Alas, coronavirus is novel. No human had ever encountered it prior to December 2019, so no-one had any COVID-19 reference material.
And although COVID-19 is similar to the SARS virus, it's sufficiently different that your immune system needs to develop a whole new specialised set of antibodies and antigen receptors.
Back to the war raging inside your infected body.
You've got a fever, you're coughing, you're fatigued. Life's not fair. But you're fighting trillions of viral particles right now. In a week or so you'll feel much better.
Or not. Although the global data is loose due to under-detection, currently around 20% of people infected with coronavirus need hospital treatment and 5% end up in intensive care. According to the WHO, between 1% and 3.4% of those infected will die.
That's because in some people, the virus blasts through the upper respiratory tract and reaches the lower respiratory tract, known to you and I as the lungs.
The coronavirus attacks the cells that make up the lining of the lungs. This sucks because it affects the air sacs that exchange oxygen and carbon dioxide to your bloodstream. So now it's hard to breathe.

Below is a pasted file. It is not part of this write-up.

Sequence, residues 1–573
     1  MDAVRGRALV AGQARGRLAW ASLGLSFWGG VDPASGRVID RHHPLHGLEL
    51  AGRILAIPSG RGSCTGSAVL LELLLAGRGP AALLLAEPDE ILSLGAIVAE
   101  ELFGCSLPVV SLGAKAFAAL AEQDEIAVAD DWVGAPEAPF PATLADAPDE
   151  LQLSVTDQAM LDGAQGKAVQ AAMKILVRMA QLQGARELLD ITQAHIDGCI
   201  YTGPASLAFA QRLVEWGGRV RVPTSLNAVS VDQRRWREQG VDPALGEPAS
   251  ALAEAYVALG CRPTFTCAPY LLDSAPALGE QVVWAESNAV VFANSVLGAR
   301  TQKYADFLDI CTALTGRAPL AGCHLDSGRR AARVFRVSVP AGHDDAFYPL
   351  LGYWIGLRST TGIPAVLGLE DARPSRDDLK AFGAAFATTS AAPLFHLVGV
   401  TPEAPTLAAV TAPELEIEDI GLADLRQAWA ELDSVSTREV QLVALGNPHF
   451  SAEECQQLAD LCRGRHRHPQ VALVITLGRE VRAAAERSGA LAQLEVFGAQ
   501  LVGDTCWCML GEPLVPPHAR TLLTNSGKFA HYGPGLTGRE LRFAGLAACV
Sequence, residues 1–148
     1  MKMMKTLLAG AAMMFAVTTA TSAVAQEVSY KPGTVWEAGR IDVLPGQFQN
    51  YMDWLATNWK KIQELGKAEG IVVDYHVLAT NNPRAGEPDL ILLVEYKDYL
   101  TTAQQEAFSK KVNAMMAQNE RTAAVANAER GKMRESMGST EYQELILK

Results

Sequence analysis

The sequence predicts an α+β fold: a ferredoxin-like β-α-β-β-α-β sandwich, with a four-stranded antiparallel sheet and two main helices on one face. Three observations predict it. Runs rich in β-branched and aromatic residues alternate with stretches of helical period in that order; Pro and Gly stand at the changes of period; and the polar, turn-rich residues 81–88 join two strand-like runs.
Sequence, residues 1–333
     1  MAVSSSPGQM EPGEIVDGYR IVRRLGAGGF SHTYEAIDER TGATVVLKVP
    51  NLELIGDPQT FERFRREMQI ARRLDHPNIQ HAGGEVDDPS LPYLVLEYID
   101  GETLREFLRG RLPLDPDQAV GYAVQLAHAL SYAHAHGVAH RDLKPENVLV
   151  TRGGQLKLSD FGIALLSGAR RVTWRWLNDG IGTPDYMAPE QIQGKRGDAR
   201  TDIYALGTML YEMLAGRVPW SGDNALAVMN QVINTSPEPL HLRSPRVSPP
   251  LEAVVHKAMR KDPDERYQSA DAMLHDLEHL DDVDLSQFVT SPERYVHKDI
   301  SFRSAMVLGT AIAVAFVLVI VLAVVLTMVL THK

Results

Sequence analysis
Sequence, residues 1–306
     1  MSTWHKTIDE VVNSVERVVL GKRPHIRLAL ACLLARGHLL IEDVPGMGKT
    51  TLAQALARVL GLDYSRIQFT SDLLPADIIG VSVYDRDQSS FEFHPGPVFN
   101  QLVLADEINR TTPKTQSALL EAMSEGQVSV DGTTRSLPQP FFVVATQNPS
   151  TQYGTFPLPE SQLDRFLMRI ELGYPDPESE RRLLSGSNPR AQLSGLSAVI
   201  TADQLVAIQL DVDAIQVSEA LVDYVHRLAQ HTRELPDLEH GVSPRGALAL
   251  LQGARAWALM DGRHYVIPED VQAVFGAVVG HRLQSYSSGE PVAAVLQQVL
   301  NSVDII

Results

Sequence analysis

Lung cells die en masse and fill up with fluid which lets in a secondary infection: bacterial pneumonia. Now your immune system is fighting two types of invasion.
Ventilators are very handy at this point, as you struggle to breathe enough oxygen to stay alive. But what happens next just takes the biscuit.
Remember those cytokines? They were very helpful in initiating the immune response. But now they're freaking out.
In a cytokine storm, the immune response goes into overdrive. Immune cells start attacking both infected and healthy cells. The lungs fill with fluid. Inflammation ramps up even more. The whole body joins in. And your organs fail. Even with treatment (such as corticosteroids) the death rate from a cytokine storm is around 30%.